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CONNECTIONS: Allure of an oligarchy

Whether pro-Trump or anti-, everyone is curious: What makes Donald Trump so compelling? All have observed lawyers contradict precedent, politicians contradict their own earlier statements, public servants contradict the Constitution, […]

Whether pro-Trump or anti-, everyone is curious: What makes Donald Trump so compelling?

All have observed lawyers contradict precedent, politicians contradict their own earlier statements, public servants contradict the Constitution, and private citizens break the law to do his bidding. It prompts the question: Why are so many willing to do so much for him? Why is Trump so compelling?

Now he is impeached. Everyone on every side is upset. Supporters are affronted that anyone would question or attack their president. Detractors are deeply concerned that Trump’s style of defense is an assault on the Constitution. His supporters applaud the Republican senators for their anticipated loyalty to POTUS. Trump detractors condemn Republican senators for their anticipated disloyalty to their oath of office.

Thus, the great divide in this country is laid bare. Trump supporters think detractors are taking an awful risk opposing him; detractors think supporters are taking an awful risk defending him. Republicans do not search for reasons why Democrats oppose Trump. They are satisfied with TDS (Trump Derangement Syndrome). Democrats do try to understand — they think it is a great mystery to be solved. They begin with the premise that Republicans see the facts and judge the man the same as they do and yet support him. They guess why.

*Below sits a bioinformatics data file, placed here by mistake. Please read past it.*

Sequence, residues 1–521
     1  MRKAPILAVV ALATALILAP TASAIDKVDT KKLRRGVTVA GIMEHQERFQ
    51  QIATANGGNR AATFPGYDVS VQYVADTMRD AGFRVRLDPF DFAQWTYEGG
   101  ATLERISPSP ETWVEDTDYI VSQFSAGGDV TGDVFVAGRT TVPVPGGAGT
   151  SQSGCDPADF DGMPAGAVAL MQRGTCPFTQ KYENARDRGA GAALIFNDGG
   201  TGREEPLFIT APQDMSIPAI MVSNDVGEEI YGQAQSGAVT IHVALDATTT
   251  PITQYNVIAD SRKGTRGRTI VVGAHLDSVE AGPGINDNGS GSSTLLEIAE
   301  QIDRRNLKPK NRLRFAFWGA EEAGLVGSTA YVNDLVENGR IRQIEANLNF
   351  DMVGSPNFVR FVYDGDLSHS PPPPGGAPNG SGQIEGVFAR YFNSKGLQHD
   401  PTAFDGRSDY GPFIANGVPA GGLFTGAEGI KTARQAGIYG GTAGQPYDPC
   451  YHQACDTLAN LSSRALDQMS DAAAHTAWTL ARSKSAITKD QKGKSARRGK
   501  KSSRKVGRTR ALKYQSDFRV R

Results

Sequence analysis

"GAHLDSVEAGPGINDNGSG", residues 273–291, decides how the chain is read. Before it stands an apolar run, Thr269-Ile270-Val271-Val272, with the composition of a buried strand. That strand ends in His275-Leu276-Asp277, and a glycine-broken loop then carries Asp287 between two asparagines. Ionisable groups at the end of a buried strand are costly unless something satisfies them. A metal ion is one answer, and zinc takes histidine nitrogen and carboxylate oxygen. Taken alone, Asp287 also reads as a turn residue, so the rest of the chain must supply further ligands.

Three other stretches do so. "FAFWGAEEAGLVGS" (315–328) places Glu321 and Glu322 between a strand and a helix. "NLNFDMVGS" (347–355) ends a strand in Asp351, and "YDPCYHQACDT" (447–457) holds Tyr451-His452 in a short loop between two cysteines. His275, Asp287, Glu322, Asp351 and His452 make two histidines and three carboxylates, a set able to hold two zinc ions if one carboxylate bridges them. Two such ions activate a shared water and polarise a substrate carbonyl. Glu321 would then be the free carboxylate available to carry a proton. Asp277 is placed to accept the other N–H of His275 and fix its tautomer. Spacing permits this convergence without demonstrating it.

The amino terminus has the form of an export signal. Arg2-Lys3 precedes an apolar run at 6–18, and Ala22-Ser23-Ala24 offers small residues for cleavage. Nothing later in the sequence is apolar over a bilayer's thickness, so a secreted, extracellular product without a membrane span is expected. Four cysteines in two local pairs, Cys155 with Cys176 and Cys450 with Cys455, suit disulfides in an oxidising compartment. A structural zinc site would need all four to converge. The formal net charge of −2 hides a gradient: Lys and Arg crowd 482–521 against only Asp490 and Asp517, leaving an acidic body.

The first guess is self-interest. Self-interest divides into two possibilities — to gain something good or avoid something bad. That is, some representatives may believe they will hold their seats if they hold onto Trump’s coattails. Or, if recent reports are true, others may be co-conspirators protecting themselves as much as defending Trump.

The second guess is equally basic to the human condition — fear. Let’s be honest: All of us spent our early education unable to cope with the schoolyard bully. Whether we were the one bullied, the bully’s cohort or an on-looker, as kids, none of us could figure out what to do. So the bully ruled the schoolyard. Perhaps we never figured it out and now, as adults, the name calling, the threats, the firings, injuries to reputation, the “or-else” demands for loyalty, and the other petty slights and slaps are still effective.

The third guess is also left over from childhood. Trump gets away with it. The more guilty he is, the more incredible it is that he faces no consequences. Trump brags about it. In fact, he brags about getting away with stuff more than anything else. From the now famous “I could shoot someone on Fifth Avenue …” to “the Second Amendment says I can do whatever I want” to “no collusion” and “that call was perfect,” getting away with it is his signature move.

Once, secretly, we all wished to do whatever we wanted. We stopped for fear of consequences. It was years before we matured enough to do the right thing for the greater good or for our own self-respect. Secretly, at one time or another, we all wanted to get away with it. So, the more guilty Trump is without consequence, speculation goes, the more compelling he is to that child within us.